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Learning Jewish history where it all began
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Learning Jewish history where it all began

Zoe Dressner, second from left, and friends on the NFTY-EIE High School in Israel program.
Zoe Dressner, second from left, and friends on the NFTY-EIE High School in Israel program.

Zoe Dressner, a rising senior at East Brunswick High School, was one of several students from New Jersey participating in the spring 2016 semester of the NFTY-EIE High School in Israel, a four-month program for North American students. She is a member of Anshe Emeth Memorial Temple in New Brunswick. Below are Zoe’s impressions of the program, which concluded at the end of May.

AS THE SEMESTER approaches its end and our four months at the NFTY-EIE High School in Israel come to a close, I’ve been prompted to think about my experience and how I can productively move forward. Of course it’s sad to leave friends and this beautiful country, but I am confident that I’ve taken advantage of every possible opportunity this program had to offer. 

In just 55 days of school, we completed a semester’s worth of general studies and an intensive Jewish history and Hebrew program. Now, you ask yourself, how is that possible? Eleven hours of school a day has been strenuous, but every late night and early morning has been well worth it.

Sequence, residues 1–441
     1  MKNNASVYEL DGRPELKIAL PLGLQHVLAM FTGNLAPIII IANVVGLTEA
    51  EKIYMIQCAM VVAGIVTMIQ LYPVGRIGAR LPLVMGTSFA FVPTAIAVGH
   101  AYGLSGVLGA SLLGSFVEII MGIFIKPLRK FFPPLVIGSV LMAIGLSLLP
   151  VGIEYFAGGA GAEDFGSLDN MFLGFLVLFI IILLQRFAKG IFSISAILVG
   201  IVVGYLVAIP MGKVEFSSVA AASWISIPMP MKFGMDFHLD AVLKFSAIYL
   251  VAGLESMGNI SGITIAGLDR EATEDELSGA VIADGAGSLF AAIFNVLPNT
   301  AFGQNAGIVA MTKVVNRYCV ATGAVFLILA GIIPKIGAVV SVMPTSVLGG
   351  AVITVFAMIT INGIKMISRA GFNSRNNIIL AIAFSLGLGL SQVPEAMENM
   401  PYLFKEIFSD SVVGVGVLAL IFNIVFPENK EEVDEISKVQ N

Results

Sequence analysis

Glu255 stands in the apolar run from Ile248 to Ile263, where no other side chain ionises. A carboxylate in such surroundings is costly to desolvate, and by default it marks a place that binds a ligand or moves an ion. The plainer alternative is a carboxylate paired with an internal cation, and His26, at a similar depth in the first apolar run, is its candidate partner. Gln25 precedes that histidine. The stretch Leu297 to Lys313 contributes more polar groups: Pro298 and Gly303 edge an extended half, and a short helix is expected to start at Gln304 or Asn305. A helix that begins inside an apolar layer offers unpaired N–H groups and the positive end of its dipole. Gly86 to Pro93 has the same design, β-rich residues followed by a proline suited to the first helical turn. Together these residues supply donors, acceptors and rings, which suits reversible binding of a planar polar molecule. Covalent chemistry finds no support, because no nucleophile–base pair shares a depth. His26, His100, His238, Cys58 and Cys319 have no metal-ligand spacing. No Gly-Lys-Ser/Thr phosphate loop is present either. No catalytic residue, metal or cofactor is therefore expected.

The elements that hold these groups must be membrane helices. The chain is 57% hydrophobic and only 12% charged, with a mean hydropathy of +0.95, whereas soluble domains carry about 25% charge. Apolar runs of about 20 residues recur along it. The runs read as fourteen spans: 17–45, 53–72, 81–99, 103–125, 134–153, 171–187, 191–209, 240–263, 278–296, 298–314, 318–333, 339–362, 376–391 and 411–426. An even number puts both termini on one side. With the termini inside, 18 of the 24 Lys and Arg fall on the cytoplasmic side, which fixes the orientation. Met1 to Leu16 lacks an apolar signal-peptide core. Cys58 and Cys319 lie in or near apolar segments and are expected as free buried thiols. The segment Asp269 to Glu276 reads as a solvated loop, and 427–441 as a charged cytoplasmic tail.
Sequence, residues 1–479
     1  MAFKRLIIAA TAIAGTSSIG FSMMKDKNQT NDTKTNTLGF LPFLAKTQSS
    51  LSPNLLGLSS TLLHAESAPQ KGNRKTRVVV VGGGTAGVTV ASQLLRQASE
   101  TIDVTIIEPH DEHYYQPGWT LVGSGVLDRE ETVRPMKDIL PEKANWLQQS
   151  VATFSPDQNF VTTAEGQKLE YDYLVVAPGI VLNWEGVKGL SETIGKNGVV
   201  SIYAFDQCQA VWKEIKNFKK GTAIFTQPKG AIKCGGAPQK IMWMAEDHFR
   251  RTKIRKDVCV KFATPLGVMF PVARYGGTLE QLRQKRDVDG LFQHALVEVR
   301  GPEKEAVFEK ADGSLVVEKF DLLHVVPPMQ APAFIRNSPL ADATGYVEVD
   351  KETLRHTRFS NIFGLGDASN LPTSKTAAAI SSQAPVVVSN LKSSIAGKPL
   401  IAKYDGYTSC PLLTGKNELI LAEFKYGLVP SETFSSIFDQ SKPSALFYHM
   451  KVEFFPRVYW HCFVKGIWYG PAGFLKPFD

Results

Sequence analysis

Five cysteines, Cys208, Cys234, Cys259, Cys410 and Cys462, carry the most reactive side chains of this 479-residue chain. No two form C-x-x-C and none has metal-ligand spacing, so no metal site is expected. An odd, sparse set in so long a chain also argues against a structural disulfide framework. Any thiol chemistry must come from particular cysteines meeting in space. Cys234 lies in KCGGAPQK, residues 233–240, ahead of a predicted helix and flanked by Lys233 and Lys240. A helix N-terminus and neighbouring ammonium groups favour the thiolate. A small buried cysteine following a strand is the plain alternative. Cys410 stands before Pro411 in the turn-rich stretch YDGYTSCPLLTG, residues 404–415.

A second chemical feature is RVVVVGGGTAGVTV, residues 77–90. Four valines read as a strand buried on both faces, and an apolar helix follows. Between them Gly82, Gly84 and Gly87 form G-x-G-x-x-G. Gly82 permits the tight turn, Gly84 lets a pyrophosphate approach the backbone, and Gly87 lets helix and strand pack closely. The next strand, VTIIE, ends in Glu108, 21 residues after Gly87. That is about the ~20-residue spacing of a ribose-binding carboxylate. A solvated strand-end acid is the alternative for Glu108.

Over the course of the past four months, we have traversed the country, learning thousands of years of our people’s history. What I see as the most defining facet of EIE has been learning history in the very same places it occurred. 

We began these hands-on experiences at Tel Gezer, the site of an ancient Canaanite civilization in central Israel that Abraham once passed through. We learned about the staples of ancient life and saw early etchings in stone. Since that first trip, we have been on dozens more (including one to Poland), the most recent of which was to the Israeli Supreme Court. We’ve also had supplemental educational experiences, like our participation in a Women of the Wall service on Rosh Hodesh, and a graffiti tour of Tel Aviv. 

Being Jewish at home was a routine practice for me. I had my bat mitzva, I went to Friday night services, I helped in the younger classrooms, and I studied in the high school program. Pirkei Avot says, “Know from where you came, and to where you are going.” As much as I enjoyed all of these practices, I’ve never felt more connected to my Judaism than I do now, with the abundance of knowledge I have on our struggles and triumphs as a people. 

Rabbi Loren Sykes, EIE High School in Israel principal, refers to Israel as the greatest experiment in modern Jewish history. These turbulent decades and strides toward peace will be marked for future generations to learn from, and after my experience on EIE, I only hope to play a small part in it.

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